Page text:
12. 778 Chapter 24 Implementing and Managing DNS Note Selecting the No, It Should Not Forward Queries option won’t prevent internal name servers from forwarding queries altogether. A root hints file will still be created, which lists the root name servers on the public Internet. Thus, if you don’t designate forward- ers, such as the primary and secondary name servers of your ISP, the internal name servers will still forward queries. To prevent this, you must modify the root hints file as discussed in “Security Considerations” on page 757. 8. When you click Next, the wizard will search for and retrieve the current root hints. Click Finish to complete the configuration and exit the wizard. If there is a problem configuring the root hints, you will need to configure the root hints manually or copy them from another server. Configuring a Large Network Using the Configure A DNS Server Wizard For a large network, you can use the wizard to set up your forward and reverse lookup zones and to set up forwarding with or without recursion. With recursion, queries for external resources are first forwarded to your designated servers, but if those servers are unavailable, the DNS server forwards queries to the root name servers. Without recursion, queries for external resources are only forwarded to your designated servers. The DNS Server service can send queries to IPv4, IPv4 and IPv6, and IPv6-only servers. To configure a large network using the Configure A DNS Server Wizard, follow these steps: 1. Right-click the server entry in the DNS console, and select Configure A Server. When the wizard starts, click Next. Note If the server you want to work with isn’t shown, right-click the DNS node in the left pane, and select Connect To DNS Server. In the Connect To DNS Server dialog box, select The Following Computer, type the name or IP address of the DNS server, and then click OK. Chapter 24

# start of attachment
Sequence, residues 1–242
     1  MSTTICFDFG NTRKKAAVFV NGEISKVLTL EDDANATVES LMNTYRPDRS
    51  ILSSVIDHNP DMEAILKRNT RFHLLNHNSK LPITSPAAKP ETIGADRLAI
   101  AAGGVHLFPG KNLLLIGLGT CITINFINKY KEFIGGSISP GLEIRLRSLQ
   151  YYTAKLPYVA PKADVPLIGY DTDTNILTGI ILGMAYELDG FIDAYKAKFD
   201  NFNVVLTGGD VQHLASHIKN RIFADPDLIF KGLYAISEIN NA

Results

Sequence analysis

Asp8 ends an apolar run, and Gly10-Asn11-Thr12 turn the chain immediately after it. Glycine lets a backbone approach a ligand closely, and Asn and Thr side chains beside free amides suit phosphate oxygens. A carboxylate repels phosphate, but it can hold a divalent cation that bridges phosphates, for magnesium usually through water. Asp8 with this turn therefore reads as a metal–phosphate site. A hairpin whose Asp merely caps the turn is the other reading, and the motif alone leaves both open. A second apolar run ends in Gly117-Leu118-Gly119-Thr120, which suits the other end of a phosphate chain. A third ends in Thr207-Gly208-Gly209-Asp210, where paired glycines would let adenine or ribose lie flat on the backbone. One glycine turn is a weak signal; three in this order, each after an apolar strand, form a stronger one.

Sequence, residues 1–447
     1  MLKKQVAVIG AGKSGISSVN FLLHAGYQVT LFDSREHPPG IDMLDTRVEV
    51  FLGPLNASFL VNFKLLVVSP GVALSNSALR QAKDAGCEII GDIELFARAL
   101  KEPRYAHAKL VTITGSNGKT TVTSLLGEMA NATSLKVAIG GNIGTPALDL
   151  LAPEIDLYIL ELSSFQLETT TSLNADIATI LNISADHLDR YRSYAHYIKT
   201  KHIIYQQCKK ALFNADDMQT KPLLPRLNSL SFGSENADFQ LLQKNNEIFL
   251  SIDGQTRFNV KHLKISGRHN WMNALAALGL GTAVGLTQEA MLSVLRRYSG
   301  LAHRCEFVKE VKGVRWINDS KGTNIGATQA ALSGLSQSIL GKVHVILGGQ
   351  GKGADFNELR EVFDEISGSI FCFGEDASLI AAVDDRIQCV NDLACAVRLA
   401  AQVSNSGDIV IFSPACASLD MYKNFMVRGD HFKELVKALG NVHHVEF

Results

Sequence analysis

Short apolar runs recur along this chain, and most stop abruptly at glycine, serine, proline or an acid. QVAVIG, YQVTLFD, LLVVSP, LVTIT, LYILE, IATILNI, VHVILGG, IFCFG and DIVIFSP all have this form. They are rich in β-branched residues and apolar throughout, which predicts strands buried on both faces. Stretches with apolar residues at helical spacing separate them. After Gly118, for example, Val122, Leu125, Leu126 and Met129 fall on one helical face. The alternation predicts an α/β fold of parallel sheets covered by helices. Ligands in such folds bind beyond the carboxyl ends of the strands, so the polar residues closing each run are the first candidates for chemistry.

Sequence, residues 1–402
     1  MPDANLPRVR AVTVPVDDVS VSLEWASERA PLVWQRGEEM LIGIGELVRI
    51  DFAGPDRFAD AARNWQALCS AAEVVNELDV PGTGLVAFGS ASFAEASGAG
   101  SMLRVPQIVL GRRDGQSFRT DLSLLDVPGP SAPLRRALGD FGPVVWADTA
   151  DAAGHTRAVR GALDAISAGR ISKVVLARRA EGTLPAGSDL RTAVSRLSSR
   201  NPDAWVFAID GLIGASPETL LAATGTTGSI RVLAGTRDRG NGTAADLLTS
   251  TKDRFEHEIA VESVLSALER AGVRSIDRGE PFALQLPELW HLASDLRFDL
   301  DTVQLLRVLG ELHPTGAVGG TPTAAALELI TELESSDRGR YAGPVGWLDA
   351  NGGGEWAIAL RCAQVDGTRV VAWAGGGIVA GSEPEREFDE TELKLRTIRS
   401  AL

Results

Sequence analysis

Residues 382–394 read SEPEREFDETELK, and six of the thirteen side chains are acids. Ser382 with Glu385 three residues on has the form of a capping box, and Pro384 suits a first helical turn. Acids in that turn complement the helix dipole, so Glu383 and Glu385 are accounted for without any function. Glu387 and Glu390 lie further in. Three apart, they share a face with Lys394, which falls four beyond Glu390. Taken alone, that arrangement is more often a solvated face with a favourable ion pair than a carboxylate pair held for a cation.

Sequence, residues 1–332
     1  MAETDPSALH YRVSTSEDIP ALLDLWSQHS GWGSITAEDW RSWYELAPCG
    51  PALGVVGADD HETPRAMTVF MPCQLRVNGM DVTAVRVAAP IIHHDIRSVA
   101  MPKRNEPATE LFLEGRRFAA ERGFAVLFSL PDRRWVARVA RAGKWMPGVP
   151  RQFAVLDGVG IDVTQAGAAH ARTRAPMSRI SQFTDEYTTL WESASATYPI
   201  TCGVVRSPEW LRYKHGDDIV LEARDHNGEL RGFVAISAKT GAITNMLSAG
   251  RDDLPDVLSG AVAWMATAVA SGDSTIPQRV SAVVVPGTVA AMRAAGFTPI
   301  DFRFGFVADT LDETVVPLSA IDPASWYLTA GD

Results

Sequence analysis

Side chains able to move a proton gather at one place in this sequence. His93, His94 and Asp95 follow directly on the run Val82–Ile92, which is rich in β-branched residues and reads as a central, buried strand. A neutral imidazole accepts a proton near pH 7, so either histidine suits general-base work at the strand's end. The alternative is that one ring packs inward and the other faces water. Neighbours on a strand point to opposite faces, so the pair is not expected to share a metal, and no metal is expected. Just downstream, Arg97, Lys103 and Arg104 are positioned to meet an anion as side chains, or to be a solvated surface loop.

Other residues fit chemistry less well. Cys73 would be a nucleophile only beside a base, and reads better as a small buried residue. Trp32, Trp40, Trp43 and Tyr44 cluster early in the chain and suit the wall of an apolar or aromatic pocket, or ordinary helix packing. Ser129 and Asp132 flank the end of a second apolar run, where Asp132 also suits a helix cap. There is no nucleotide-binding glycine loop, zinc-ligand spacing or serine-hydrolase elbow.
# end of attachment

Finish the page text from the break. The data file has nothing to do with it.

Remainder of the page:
13. Configuring DNS Using the Wizard 779 2. Choose Create Forward And Reverse Lookup Zones (Recommended For Large Networks), as shown in Figure 24-7, and then click Next. Figure 24-7 Select the second option to configure DNS for a large network. 3. To create a forward lookup zone, accept the default option on the Forward Lookup Zone page, and then click Next. Otherwise, click No, and skip to step 10. 4. As Figure 24-8 shows, you can now select the zone type. Choose one of the following options, and then click Next: Primary Zone—Use this option to create a primary zone and designate this server to be authoritative for the zone. Ensure that the Store The Zone In Active Directory check box is selected if you want to integrate DNS with Active Directory. Otherwise, clear this check box so that a standard primary zone is created. Secondary Zone—Use this option to create a secondary zone. This means the server will have a read-only copy of the zone and must use zone transfers to get updates. Stub Zone—Use this option to create a stub zone. This creates only the nec- essary glue records for the zone. Optionally, specify that this zone should be integrated with Active Directory. This means the zone will be stored in Active Directory and be updated using Active Directory replication. Chapter 24